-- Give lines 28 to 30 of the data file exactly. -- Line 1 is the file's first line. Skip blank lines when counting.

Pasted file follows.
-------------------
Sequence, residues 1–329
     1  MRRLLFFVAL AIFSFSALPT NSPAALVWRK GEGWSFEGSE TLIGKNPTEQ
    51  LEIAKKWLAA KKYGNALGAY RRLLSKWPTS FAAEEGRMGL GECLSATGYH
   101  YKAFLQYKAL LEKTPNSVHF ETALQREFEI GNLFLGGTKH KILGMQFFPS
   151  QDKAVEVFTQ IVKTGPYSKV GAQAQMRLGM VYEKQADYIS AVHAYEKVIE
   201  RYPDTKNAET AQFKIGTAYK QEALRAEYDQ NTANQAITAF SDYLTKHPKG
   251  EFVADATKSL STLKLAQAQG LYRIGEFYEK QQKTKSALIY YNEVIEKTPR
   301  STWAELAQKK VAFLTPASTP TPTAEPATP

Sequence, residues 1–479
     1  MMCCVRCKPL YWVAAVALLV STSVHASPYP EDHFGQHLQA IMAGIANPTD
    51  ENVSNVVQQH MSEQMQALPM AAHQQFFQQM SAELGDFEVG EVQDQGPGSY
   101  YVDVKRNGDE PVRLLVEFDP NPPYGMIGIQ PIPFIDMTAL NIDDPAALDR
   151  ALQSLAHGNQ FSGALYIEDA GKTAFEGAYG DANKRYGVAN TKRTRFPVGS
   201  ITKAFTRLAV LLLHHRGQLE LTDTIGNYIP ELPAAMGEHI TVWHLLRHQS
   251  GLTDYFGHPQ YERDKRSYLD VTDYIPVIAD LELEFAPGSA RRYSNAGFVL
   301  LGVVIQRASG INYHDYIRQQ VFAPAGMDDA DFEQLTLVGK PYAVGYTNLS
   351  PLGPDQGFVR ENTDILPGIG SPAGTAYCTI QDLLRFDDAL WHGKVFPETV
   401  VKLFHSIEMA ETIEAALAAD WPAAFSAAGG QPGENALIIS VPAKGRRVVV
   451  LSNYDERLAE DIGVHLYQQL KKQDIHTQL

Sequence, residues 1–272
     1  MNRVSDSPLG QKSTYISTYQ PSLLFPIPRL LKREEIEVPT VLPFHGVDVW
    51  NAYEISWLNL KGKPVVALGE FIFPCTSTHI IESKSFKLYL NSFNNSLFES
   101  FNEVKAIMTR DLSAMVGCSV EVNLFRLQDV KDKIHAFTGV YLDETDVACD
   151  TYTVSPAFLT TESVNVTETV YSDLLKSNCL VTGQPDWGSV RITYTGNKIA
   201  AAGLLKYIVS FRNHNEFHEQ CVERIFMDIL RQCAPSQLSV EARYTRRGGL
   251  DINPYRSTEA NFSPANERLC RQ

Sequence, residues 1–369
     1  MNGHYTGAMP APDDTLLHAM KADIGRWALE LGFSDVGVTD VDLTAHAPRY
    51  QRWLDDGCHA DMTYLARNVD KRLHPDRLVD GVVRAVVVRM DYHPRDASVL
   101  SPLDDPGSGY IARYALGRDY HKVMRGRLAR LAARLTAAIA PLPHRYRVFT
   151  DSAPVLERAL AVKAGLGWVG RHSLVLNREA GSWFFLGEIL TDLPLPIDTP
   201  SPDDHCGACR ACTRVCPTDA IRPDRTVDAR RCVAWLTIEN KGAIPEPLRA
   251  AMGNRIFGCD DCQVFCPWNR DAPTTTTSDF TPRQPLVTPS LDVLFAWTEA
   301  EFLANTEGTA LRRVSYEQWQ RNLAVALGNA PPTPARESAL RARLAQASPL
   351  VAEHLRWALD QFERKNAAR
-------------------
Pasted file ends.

     1  MNGHYTGAMP APDDTLLHAM KADIGRWALE LGFSDVGVTD VDLTAHAPRY
    51  QRWLDDGCHA DMTYLARNVD KRLHPDRLVD GVVRAVVVRM DYHPRDASVL
   101  SPLDDPGSGY IARYALGRDY HKVMRGRLAR LAARLTAAIA PLPHRYRVFT